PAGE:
Yeah, we've seen this throughout the pandemic, but interestingly, the disparities that we see get wider when the cases surge. So we've consistently seen higher rates of cases and deaths among Latinos proportionally. So it's not just that California and L.A. in particular is a plurality, if not majority of Latinos. We're actually seeing the rates of those cases, being much higher among Latinos. And that's largely because they're essential workers, they might live in multigenerational households.

    And then we could see it track very similarly with poverty levels. The sort of lower your socioeconomic status, the more likely you are to have gotten COVID and more likely you are to have died from COVID.

    And one of the stranger things that's happened in L.A., we had this gap between Latinos and everyone else. And over the summer when cases were surging and then we closed the gap where the cases were kind of there wasn't such a big disparity and the officials were proud of that. And now the gap has widened again, which I think speaks to the fact that we have so much to viral spread.

    But we also have so many people still going into workplaces. An essential worker's chance of getting exposed has just gone up exponentially. And those workers tend to be Latino.

  • Hari Sreenivasan:

    How is this impacting vaccinations? I mean, we've seen reports that the vaccination is not nearly as fast as it needs to be in California.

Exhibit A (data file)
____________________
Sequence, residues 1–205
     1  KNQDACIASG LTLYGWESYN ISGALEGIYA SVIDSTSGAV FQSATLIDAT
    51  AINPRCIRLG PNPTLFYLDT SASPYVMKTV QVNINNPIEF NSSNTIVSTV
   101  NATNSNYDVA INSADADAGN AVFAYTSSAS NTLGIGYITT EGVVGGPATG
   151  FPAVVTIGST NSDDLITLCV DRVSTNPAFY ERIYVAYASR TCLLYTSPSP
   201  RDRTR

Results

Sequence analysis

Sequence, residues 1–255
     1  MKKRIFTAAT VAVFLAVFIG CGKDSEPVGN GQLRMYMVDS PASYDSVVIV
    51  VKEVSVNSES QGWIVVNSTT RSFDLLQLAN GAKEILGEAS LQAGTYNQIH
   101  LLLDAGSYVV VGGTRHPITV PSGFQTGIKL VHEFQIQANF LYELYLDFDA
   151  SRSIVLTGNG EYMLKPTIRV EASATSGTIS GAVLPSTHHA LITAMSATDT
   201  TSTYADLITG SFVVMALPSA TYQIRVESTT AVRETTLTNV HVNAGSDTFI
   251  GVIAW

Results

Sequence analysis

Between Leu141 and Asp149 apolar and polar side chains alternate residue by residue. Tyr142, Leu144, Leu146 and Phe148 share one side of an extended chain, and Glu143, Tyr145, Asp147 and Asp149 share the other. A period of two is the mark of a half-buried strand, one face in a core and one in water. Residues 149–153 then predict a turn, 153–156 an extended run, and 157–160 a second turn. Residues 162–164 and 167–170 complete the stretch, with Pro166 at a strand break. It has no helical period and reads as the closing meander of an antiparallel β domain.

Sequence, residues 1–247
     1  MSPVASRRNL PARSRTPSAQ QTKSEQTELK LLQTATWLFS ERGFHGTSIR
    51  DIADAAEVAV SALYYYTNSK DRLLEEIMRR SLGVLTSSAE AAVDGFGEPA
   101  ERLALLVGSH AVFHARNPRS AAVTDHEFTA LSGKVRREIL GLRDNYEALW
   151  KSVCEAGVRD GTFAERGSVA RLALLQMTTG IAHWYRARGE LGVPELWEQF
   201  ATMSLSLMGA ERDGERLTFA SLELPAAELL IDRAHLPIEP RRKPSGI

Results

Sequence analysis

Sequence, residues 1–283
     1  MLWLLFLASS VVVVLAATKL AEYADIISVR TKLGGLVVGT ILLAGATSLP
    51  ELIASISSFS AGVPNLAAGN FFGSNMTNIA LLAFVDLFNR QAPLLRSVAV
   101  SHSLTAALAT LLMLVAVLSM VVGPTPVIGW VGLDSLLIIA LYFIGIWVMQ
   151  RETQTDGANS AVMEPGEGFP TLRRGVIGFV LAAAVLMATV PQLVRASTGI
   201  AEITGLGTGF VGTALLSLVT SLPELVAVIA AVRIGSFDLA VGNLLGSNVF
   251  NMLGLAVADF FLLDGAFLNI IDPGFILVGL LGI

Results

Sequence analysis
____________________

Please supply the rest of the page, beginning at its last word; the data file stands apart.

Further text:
• Soumya Karlamangla:

    Yeah, California has really struggled with vaccination. We rank in the bottom five states in terms of the percentage of our population that we vaccinated nationwide. And there are states that have vaccinated upwards of five percent of their population and we're still hovering around one or two percent. And that sort of cuts both ways.

    I mean, we are vaccinating more people, just raw numbers of people than anyone else because the state is so big. But that also means that there are huge numbers of people who aren't vaccinated and a lot of people still susceptible to fuel an outbreak. So we're going really slow. And that's something we've been trying to look into. We have reporters on this issue and it seems like there's various bottlenecks, but it largely comes down to staffing the people who need to administer a vaccine. It's like the systems haven't been stood up properly. And also the people who would be administering a vaccine are also often the people who are treating Covid patients in the hospital.

    So California is probably one of the states that needs a vaccine the most because we are dealing with this terrible surge. But we're also one of the states and the hardest time administering the vaccine because of our terrible surge.

  • Hari Sreenivasan:

    Soumya Karlamangla of the L.A. Times, thanks so much for joining us.

  • Soumya Karlamangla:

    Thanks for having me.